#10: Encouraging students to memorize the unit circle is a waste of time. Spend the time you spent giving them speed tests and replace it with tests where students have to demonstrate how to derive an ordered pair of your choosing.

#11: Keeping calling the Unit Circle: Our Trig BFF. That was smart. And cute.

#12: Make the unit circle paper plate activity the FINAL unit circle project. Not the introduction to the unit circle. This will make results prettier and lots more meaningful.

#13: Laminate unit circles to hand out with quizzes or tests that require their use. Keep this pile of laminated goodness in a prominent spot. Make it a big deal when a student grabs a unit circle without your prompting. Unit circle use is exciting.

#14: Unit circle cupcakes sound like a good idea. A really good idea.

Sincerely,

Past Sarah

## More Activities and Resources for Teaching the Unit Circle

- 7 Engaging Unit Circle Activities
- Fill in the Blank Unit Circle Chart
- Unit Circle Bingo Game
- Deriving the Unit Circle Foldable
- Unit Circle Magnets
- Unit Circle Projects
- Exact Values of Trig Functions Leap Frog Game
- Unit Circle Paper Plate Activity
- Finding Trig Ratios Using the Unit Circle Notes
- Trig Ratios in the First Quadrant Chart
- Unit Circle Interactive Notebook Page

Unknown

Thursday 10th of March 2016

Just curious what order of topics you think works best when teaching the trig unit to Algebra 2 studentsâ€¦!??!!?

Sarah Carter (@mathequalslove)

Tuesday 29th of March 2016

We do trig as a separate course instead of as part of Algebra 2.

EducatorJenn

Tuesday 26th of May 2015

FACEing Math has a great interactive foldable that works amazing for the unit circle. It is based on triangles so it makes the connection for students. https://web.archive.org/web/20200726152932/http://www.faceingmath.com:80/facingmath/Unit_Circle_Kit.html Thanks for blogging I love your stuff

Sarah Carter (@mathequalslove)

Saturday 30th of May 2015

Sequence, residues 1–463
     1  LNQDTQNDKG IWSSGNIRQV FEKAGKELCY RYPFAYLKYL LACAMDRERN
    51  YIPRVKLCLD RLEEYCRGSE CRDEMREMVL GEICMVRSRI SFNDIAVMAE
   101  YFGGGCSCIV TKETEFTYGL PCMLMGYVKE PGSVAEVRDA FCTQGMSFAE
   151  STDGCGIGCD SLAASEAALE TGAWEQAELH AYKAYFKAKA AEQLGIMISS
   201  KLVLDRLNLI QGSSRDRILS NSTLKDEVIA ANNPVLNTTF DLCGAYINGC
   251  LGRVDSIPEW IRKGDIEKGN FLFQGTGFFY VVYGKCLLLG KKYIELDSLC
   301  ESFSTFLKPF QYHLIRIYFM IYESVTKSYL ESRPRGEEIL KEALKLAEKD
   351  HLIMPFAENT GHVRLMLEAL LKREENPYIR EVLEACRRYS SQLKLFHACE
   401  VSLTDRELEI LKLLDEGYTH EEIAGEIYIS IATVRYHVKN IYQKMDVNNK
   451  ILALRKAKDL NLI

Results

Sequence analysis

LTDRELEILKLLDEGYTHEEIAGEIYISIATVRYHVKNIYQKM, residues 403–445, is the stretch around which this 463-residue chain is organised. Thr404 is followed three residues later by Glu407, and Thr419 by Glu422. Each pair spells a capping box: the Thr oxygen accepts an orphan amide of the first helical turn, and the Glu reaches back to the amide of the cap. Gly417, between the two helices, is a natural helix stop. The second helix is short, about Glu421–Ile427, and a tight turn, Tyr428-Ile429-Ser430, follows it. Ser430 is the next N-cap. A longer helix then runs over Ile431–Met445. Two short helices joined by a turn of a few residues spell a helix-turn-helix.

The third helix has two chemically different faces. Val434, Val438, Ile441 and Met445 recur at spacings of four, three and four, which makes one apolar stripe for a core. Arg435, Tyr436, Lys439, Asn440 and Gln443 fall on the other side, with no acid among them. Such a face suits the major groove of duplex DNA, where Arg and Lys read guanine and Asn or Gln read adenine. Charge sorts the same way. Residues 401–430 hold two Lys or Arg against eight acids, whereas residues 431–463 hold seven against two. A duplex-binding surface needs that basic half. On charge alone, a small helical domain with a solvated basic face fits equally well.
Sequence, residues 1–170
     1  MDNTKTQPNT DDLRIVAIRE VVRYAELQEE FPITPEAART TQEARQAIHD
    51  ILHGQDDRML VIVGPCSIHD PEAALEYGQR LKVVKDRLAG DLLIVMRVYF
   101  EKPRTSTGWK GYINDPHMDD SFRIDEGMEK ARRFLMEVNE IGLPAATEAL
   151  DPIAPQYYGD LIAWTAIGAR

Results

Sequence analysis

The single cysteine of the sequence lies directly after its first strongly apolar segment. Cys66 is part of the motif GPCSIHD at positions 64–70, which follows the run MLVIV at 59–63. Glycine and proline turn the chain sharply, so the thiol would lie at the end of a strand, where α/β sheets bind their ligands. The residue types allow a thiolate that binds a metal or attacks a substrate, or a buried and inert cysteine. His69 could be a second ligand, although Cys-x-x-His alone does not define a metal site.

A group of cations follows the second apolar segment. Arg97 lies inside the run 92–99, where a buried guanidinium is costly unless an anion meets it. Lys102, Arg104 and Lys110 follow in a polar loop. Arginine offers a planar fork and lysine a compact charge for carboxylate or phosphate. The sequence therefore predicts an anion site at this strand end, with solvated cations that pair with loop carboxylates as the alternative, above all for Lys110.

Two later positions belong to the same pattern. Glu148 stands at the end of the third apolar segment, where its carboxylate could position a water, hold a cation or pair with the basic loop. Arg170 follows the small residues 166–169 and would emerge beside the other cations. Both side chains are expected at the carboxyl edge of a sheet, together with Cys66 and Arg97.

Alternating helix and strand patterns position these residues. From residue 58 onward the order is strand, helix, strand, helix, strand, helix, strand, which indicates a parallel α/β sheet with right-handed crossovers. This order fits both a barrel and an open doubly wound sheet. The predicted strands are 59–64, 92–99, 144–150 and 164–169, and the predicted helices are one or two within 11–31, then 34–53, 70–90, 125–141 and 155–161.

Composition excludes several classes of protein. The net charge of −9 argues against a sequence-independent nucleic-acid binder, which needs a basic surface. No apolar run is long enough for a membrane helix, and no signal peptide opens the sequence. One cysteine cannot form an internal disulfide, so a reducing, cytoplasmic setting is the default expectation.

Thanks for the link, Jenn.

Nancy in Indiana

Monday 25th of May 2015

I'm always amazed at how much students don't like fractions - they will do just about anything to avoid them!

Sarah Carter (@mathequalslove)

Saturday 30th of May 2015

YES, YES, YES!!!

Abby

Friday 22nd of May 2015

I taught a lot of trig in Pre Cal this year and started off with the unit circle. I actually found myself using special right triangles and reference angles more than anything. I did have my kids memorize where the angles were (degrees were much easier for them so if it was in radian mode, they would convert it to a degree and then go back to radian if needed. and yes, they had to do this by hand because the test I gave on evaluating trig functions was non calculator). we drew so many triangles this year, that they really do get comfortable with it. it also reinforces sin=y/r and cos=x/r. by the time we got to solving trig equations, they were pros at drawing and labeling the special right triangles in the correct quadrant. the unit circle is great! I NEVER thought I would use the right triangles, but I think it's what I'm going to use from now on. it helps so much more make sense.

Sarah Carter (@mathequalslove)

Monday 22nd of June 2015

I love me some special right triangles! I think I need to emphasize them more next time I teach trig!

Meg

Friday 22nd of May 2015

Here's your solution to 2 and 3. These are the best thing ever. http://mathteachermambo.blogspot.com/2014/09/unit-circle-and-radians.html

Sarah Carter (@mathequalslove)

Monday 22nd of June 2015

AWESOME!